IBM Helps Customers Understand the Cost of Paper
June 8, 2009 Alex Woodie
The average office worker uses about 40 pieces of paper per day, or 10,000 sheets per year, according to IBM. Instead of cutting down those trees and shuffling all that paper, many organizations would be better off, operationally and ecologically, migrating their paper-based processes to electronic content management (ECM) solutions. IBM announced two new service engagements last week aimed at helping users understand how to move to ECM.
There are numerous disadvantages to relying on paper, according to IBM, not the least of which is the impact paper has on the environment. Long lead times are often required to pull up older customer records that are in deep storage. Paper-based processes can be more susceptible to disasters and harder to protect with a disaster recovery (DR) strategy. There are also legal implications of maintaining filing cabinets full of paper-based documents, and the ramifications it can have on the discovery process.
But the biggest driver in going electronic with records is the operational efficiency and cost savings it can bring to previously paper-based processes. Considering the current economic slowdown, this could be a great way to start trimming costs, if an organization hasn’t already begun the move to ECM.
To get an idea of the potential savings, IBM sponsored a case study last year that evaluated the return on investment (ROI) that a move to ECM and IBM’s FileNet software and associated products brought to a large regional bank. The “No Paper Weight” case study can be found here.
According to the case study, the bank achieved a ROI of 195 percent the first year. That figure is calculated by subtracting the investment in hardware, software, and services ($3.7 million) from the total savings wrought through a combination of labor cuts, elimination of offsite storage, and other savings ($11 million). The total net savings, $7.3 million, is then divided by the investment, resulting in a multiplier of 1.95, or 195 percent. By the third year, after much of the hardware and software was installed, the bank’s ROI figure increased to 290 percent.
Those are very compelling figures, and now IBM is trying to build on the success with more “No Paper Weight” initiatives. This includes its “No Paper Weight Half-Day Checkup,” a free half-day workshop conducted by an IBM ECM subject matter expert who will help participants estimate the cost that paper-based processes bring to an organization.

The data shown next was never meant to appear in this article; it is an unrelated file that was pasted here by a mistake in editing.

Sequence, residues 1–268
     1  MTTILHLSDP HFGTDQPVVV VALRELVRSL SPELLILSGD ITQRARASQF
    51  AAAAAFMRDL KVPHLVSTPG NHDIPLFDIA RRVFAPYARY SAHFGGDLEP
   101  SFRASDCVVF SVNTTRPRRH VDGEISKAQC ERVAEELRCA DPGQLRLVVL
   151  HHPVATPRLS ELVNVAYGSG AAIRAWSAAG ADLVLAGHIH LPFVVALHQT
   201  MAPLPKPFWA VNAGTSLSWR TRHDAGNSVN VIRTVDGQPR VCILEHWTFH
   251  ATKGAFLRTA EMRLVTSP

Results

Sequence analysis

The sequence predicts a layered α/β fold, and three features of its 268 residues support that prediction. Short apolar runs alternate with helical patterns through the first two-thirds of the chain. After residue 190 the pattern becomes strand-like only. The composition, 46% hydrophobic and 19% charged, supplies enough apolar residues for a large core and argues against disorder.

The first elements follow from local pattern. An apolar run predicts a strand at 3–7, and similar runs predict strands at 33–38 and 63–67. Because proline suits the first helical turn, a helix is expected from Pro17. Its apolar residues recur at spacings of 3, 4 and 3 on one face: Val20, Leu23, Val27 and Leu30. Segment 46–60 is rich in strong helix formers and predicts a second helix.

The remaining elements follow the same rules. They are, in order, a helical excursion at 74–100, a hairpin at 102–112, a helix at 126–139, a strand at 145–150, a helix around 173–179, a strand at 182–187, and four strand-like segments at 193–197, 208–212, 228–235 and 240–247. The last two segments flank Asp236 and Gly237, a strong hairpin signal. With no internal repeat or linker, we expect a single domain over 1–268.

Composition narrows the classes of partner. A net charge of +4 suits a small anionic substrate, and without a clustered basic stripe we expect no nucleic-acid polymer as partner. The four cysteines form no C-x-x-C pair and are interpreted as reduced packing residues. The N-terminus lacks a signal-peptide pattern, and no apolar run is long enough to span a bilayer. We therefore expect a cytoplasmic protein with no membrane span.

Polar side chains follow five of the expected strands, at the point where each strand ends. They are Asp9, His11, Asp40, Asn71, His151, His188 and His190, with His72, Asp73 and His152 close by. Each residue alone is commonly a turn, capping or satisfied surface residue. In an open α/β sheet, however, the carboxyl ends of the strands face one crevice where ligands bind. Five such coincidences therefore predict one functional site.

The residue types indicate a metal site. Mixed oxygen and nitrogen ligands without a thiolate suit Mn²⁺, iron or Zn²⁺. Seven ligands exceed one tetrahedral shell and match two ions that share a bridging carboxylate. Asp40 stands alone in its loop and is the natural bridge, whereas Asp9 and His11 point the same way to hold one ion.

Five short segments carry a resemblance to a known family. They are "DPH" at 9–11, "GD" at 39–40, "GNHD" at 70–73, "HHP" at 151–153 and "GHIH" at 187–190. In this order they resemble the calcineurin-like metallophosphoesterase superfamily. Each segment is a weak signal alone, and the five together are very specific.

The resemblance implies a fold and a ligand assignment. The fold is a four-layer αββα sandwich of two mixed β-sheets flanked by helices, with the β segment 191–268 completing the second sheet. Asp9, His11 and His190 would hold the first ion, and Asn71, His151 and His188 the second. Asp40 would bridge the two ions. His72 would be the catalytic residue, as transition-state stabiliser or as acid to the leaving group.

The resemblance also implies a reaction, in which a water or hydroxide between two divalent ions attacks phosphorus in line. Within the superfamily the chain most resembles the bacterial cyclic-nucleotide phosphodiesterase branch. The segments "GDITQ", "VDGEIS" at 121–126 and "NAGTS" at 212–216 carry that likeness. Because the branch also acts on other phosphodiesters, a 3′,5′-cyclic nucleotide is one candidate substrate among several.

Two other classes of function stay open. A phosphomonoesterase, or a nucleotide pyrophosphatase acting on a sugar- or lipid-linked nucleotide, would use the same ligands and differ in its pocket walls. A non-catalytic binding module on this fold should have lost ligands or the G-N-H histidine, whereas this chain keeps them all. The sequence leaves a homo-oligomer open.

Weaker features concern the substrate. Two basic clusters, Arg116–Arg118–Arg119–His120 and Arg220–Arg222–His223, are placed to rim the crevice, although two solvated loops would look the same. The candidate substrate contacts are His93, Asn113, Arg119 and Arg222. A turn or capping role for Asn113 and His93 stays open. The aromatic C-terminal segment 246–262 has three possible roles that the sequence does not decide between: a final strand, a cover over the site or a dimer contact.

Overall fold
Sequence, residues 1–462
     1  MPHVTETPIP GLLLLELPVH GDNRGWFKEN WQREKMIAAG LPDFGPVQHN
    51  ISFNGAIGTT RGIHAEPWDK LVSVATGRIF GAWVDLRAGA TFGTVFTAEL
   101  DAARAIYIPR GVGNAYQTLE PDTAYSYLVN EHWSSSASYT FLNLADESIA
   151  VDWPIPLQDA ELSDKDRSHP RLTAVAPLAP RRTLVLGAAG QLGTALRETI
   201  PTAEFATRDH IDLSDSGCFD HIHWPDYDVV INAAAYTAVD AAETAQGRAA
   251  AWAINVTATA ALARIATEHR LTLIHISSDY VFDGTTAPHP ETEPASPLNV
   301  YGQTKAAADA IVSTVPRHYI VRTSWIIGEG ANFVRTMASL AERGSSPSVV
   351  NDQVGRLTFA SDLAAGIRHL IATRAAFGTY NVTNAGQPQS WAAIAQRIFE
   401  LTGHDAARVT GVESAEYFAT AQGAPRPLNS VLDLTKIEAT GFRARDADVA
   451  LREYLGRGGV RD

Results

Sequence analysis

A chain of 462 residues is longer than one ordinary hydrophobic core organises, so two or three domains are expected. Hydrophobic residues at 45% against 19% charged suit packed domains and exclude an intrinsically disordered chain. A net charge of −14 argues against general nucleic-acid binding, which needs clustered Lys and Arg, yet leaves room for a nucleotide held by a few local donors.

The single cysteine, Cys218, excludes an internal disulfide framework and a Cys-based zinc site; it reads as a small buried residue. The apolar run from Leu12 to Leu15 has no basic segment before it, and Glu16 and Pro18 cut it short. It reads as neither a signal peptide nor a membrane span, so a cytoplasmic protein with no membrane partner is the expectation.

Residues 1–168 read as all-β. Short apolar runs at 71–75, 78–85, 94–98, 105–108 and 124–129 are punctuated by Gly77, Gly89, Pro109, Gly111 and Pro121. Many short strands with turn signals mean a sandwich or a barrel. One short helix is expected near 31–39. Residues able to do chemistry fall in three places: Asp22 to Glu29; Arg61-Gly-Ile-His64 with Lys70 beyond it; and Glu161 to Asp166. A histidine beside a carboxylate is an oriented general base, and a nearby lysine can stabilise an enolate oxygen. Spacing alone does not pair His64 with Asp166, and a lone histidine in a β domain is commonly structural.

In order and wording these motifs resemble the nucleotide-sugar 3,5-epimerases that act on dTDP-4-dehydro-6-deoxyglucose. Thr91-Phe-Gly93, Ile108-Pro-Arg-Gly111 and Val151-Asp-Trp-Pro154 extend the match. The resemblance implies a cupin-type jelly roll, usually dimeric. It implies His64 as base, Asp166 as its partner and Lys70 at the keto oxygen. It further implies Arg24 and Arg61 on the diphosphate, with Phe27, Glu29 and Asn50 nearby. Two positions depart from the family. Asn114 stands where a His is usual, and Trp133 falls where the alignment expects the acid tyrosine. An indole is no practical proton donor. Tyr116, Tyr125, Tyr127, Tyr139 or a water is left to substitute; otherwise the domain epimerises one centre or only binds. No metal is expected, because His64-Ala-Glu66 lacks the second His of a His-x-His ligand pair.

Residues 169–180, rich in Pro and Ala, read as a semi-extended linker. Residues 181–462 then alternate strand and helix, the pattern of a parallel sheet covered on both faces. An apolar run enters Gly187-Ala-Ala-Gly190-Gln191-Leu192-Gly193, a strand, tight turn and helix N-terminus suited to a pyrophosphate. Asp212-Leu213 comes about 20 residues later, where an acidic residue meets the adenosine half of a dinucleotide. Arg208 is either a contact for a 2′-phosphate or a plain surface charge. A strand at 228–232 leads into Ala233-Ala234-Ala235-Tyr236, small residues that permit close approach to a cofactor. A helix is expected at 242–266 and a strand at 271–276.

Customers ready to go to the next step can enlist in the “No Paper Weight Prescriptive Assessment.” IBM says this is a more in-depth assessment that uses actual customer data to get a clearer understanding of costs of paper and the potential savings the organization can get by moving to ECM. This program is not free.
IBM has also posted a “No Paper Weight” ROI calculator on its Web site to get people started thinking about all those greenbacks they can save–and green kudos they can get–by moving to ECM.
Once an organization has started the move to ECM, they should not look back. “Today, most documents are created digitally in business operations, but many clients revert to printing and filing paper copies costing them time and money,” says Ken Bisconti, vice president of products and strategy for IBM’s ECM group. “Our new offerings help clients work smarter–and greener–while enabling them to do their jobs more efficiently.”
IBM offered several other examples of how customers are using its ECM tools, including the State of North Dakota, which cut the time it took employees to access tax records from more than 24 hours to just seconds. Another customer, the German financial services company VR Kreditwerk, was able to reduce the time it took to process a loan from one day to one hour, thanks to IBM’s ECM software.
IBM also mentioned that it’s currently working on a large ECM project for the U.S. Army with business partner EIM. The Lotus Forms implementation will be used by more than 1.4 million Army personnel around the world, making it one of the world’s largest e-forms installations ever, and saving the U.S. government an estimated $1.3 billion.